Tag Archives: Paul Zilonka

Bill O’Reilly’s “Killing Jesus.”

At our mission last night I mentioned the inadequacy of some recent books on the bible. One example is Bill O’Reilly’s, Killing Jesus, which many are reading this Lent. Check out this review by Fr. Paul Zilonka, CP, a Passionist scripture scholar who died recently. Paul sees O’Reilly’s book as part of the “Quest for the historical Jesus.” New historical studies can increase our understanding of the times of Jesus, but unfortunately they can cause us to miss the meaning the biblical authors wished to leave us.


In our catechesis last night, I spoke  about the way our gospels, beginning with the passion narratives, came about. Here’s what I said:

We hardly can imagine what a shock the crucifixion of Jesus was to his disciples, to Peter and James and John and all the rest who came up with him to Jerusalem from Galilee.  Last Sunday’s gospel. remember, was about the news of a tower that fell near the temple in Siloam, killing 18 people. Also, Pilate killed a number of people in the riot. In those days in Jerusalem news traveled fast, especially anything about Pontius Pilate and the Jewish leadership. It was a political city,  and everybody’s eyes and ears were turned to what was going on.

Especially a crucifixion. Crucifixion was a Roman method of execution, and the Romans made sure everybody knew about it. They meant crucifixion to be a deterrent, a warning. They deliberately publicized it. The place where Jesus was executed, the Roman place for execution, was right outside the city gates on a main road on a raised ground the shape of a skull. Calvary. People going in and out of the city had to see it. They were meant to see it. The Romans made sure those to be crucified were marched through the streets to their execution. The crown of thorns the soldiers put on Jesus was an added touch: Don’t try to be a king here.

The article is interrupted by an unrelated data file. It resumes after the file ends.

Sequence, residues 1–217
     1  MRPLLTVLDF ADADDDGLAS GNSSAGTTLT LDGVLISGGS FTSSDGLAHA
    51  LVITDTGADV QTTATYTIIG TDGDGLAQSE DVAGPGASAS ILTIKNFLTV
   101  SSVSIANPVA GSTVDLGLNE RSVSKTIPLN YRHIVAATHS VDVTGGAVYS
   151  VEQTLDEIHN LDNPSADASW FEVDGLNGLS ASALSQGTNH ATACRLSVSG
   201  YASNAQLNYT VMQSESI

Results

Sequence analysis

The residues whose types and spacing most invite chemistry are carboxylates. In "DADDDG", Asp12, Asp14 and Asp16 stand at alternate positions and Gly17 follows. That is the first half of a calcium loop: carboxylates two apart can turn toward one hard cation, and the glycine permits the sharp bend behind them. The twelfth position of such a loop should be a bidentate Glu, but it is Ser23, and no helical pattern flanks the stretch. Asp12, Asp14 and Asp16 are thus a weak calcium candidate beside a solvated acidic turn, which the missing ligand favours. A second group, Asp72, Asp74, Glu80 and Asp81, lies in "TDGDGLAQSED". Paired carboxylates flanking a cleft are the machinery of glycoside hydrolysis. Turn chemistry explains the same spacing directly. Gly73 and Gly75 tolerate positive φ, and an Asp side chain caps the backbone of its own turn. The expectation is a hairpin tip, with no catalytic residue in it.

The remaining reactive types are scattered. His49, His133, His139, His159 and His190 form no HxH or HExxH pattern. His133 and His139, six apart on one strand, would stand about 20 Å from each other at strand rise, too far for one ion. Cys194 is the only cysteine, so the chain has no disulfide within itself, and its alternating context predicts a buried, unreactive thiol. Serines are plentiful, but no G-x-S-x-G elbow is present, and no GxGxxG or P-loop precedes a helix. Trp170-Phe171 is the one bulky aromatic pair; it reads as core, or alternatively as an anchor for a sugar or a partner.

Today, with the help of archeologists and historians we can trace the last hours of Jesus very well, from Bethany in the eastern part of Jerusalem where he stayed when he came up for the Passover feast, to the garden on the Mount of  Olives where he prayed and was arrested, to the place where the Jewish leaders questioned him in the upper part of the city, to the judgement place where Pilate condemned him, to the soldiers’ barracks where they scourged him and crowned him with thorns, to Calvary where he was nailed to a cross and crucified, to the tomb where he was buried, “a stone’s throw away.”

Today, if you stand on the walls of the Citadel, the ancient fortress on the highest point of the Old City of Jerusalem, which is close to where Jesus was condemned, you follow the route Jesus took his death and resurrection. You can see the Mount of Olives to the west; you’re standing near where Jesus was judged by Pilate; and looking over to your left you can see the Church of the Holy Sepulcher built over Calvary and his tomb.

His followers were shocked when he died. Luke’s story of the two disciples on the way to Emmaus after his crucifixion describe their lost hope. “We were hoping he would be the one to redeem Israel,” they say to the Stranger who appears at their side. (Luke 24,13-35)

When he asks who they’re talking about, they’re surprised:  “Are you the only visitor to Jerusalem who does not know of the things that have taken place there in these days?” Everybody knew what happened “ to Jesus the Nazarene, a prophet mighty in deed and word before God and all the people. Our chief priests and rulers both handed him over to a sentence of death and crucified him.”

They tell him that “some women of our group have  astounded us: they were at the tomb early in the morning and did not find his body; they came back and reported that they had indeed seen a vision of angels who announced that he was alive. Then some of those with us went to the tomb and found things just as the women had described, but him they did not see.”

Then Jesus began to tell them that Moses and the prophets said the Messiah had to suffer to enter into his glory. Finally, he will reveal himself to them “in the breaking of the bread.”

When his followers first speak to the people of Jerusalem and the surrounding areas about the death and resurrection of Jesus, they use the same Old Testament scriptures. God has revealed this tremendous mystery to us, they say, it was promised in the scriptures. And we also have seen him. We hear that early proclamation in the preaching of Peter and the others in the first chapters of the Acts of the Apostles.

Our four gospels come years later; they’re not accounts taken down that day. The gospel of Luke, for example, was written about 40 or so years after the death and resurrection of Jesus. It’s an account that has been enriched by years of reflection on that happened when Jesus died and rose again. We shouldn’t miss the wealth of reflection it contains.